The Congresswoman’s eyes widened at the prospect as did those of her teenage daughter. But then, mercifully, Stevens thought, her attention was diverted as the car pulled up to the curb in front of the building in downtown that housed her new headquarters: What looked like an old movie theater that had been remodeled into a two-story storefront with a warehouse behind.
“We’d better get started.” She said as the door was opened and held open by one of her Secret Service detail. Kate tucked the high collar of her coat around her cheeks against the stinging wind as she stepped from the car and onto the curb. She tilted her heads back to look up at the towering façade, then turned around and bent over to her daughter climb out of the car and onto the sidewalk.
“Frankly, Madam Congresswoman;” Stevens continued as he followed her out of the car; “The campaign here in Manchester has been awaiting the arrival of the campaign staff that accompanied your campaign in California.”
To his surprise, this last actually caused the Congresswoman’s face to alight.
“Well then;” She said with a smile; “It’s a good thing I brought some of my people.”
Even as she spoke, the doors of the building burst open and a retinue of people exited to join them on the sidewalk. The Congresswoman’s smile was mirrored on the face of the man who led the procession.
She barely hesitated, throwing her arms around the older man. “I missed you.”
“Welcome home, Katie.” He said; doing a good job not acting surprised by the intimacy of her greeting. “You’re a sight for sore eyes.” He chuckled. “And sore shoulders, sore knees…”
As though recognizing a mistake, Kate pulled back, returning the hug to a comradely handshake.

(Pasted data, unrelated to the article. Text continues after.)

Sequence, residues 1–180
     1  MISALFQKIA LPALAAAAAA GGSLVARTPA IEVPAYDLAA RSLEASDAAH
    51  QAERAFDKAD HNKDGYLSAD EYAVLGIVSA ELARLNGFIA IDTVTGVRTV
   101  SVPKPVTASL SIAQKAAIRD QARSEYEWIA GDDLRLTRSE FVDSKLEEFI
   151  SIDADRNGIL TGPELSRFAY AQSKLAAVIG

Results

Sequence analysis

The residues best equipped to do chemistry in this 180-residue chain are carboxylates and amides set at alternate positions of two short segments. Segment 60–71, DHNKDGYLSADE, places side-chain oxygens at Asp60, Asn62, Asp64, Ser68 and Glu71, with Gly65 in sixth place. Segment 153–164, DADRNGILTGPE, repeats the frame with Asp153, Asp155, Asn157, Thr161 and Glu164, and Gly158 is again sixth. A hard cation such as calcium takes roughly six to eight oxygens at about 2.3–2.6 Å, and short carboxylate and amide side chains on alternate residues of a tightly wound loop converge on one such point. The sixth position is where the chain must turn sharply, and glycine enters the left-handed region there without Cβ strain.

“And I see you brought along a nice sample of out target audience.” He said, turning to her shorter traveling companion standing by Kate’s side.
“Not quite yet.” The teenager said, holding up four fingers to indicate how long before she could vote.
“I wanted her to see all of the places I knew as a kid growing up.” Kate said, wrapping her arm around her daughter. Her friend nodded, saying nothing.
If that was what she wanted her daughter to believe was the reason for this vacation trip up North, he was not about to contradict her in front of the girl. However, he still strongly suspected that Kate’s true incentive to bring the teenager with her on this particular trip to New England happened to be exactly what he said: As the youngest Congresswoman to ever run for President, Janney would definitely need to monopolize the votes of young citizens.
He suspected that she was correct in her calculation that showing up at her campaign events, which were primarily held in school gymnasiums and auditoriums as well as on college and university campuses, with a young teenage girl, especially one who appeared older than her age, by her side would serve her exceedingly well with young voters.
“What he said.” The smiling woman behind him said, shaking her hand.